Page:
BGI Change Agent: Donna Morton

Posted January 25th, 2013 · Tags: , , , , ,

At the December Hybrid MBA Intensive, BGI was fortunate to host Donna Morton, CEO and Co-Founder of First Power, as one of our Change Agents in Residence. Current Hybrid MBA students, Hilary Kilgour and Alexa Pitoulis connected with her to share some of Donna’s inspiration with the greater community.

What is the work that Donna does to change the world for good?

“Well behaved women rarely make history.” -Eleanor Roosevelt

Donna is showing the world great possibility through her work with First Power, a B Corp with the mission to put clean energy, jobs and equity into the hands of First Nations and the communities who need it. Inspired by Paul Hawken’s Blessed Unrest, she holds three great hopes for her work:  1) Restore the rightful place of indigenous wisdom; 2) Address Global Poverty within our lifetime; and 3) Stop Climate Change in its tracks.

Donna has over 30 years of unique experience in the social sector – from Greenpeace to think tanks. She went to jail for her beliefs at Greenpeace, worked with the Sightline Institute, and led the way in creating a landmark Carbon tax in British Columbia. She eloquently communicates the deep connections between the social, environmental and cultural aspects of the quadruple bottom line. She gently nudges each of us to ‘fight, grow, stretch, and heal to be more at the end’ through a lifelong pursuit of continuous learning (Kaizen).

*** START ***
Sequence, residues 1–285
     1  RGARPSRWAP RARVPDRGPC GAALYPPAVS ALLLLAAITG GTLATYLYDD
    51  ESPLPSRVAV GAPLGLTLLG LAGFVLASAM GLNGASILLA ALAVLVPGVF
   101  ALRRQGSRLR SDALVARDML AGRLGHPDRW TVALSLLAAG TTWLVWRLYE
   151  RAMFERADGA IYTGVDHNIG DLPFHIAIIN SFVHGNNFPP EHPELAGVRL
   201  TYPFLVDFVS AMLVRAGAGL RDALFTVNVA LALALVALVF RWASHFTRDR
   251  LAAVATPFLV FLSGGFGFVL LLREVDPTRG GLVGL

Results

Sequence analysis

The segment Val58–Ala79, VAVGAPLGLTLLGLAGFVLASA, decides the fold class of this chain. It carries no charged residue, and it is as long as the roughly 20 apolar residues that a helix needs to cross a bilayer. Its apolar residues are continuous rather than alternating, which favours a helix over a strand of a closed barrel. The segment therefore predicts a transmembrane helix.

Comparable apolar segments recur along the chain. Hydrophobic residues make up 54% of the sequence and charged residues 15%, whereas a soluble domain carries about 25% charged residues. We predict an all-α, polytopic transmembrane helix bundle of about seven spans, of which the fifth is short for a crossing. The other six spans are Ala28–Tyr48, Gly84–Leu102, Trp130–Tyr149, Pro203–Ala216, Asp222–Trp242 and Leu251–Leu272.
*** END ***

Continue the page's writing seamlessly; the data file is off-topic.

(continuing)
Donna is an activist and artist that is powered at her core as a disruptive entrepreneur.  She is a strong and visionary women with the leadership (and heart!) to make the world see what’s truly possible when we collaborate. She has been recognized as a top entrepreneur through Ogunte, Ashoka and the Unreasonable Institutewhere she serves as a fellow for all three organizations. A recent feature in Fast Company highlights her work as an example of what it means to turn Passion into Profit.

Donna has played a key role as a leader in #idlenomore, the recent social media turned international media campaign. Through her example, she is bringing together business leaders from around the world who are drawing attention to the difficult conditions of indigenous peoples and their communities. With First Power, she brings together the wisdom found in the interconnected web of planners, trainers, artists and elders to re-ignite our indigenous communities with energy independence.

How did this person affect the way that you think about business or energy as a leverage for community economic development?

In a very short time, Donna reaffirmed the way that many students, faculty and community members within BGI think about purpose in our work. She showed grace in the face of heated energy debates and modeled the power of bringing your whole authentic self forward as a leader.  It’s not about greater technology, but the cultural breakthroughs that our communities need.

By sharing her unique career path, she reminded us that business is a key leverage point. Her journey from ‘no’ to ‘yes’ is a poignant example of bringing collaboration and ancestral wisdom to solving the challenges our world faces. In her own words and example,  ”When ancient art is acid etched on solar panels, when the community says “we own our energy” the world heals” (Guardian.uk). By celebrating her identity as an artist with a deep connection to cultural traditions, she highlighted business opportunities to create a more authentic, dynamic experiences.

In Donna’s spirit of crowdsourcing possibility through meaningful consultation, we asked BGI’s students and community to comment on how Donna affected their thinking. Here is what we heard: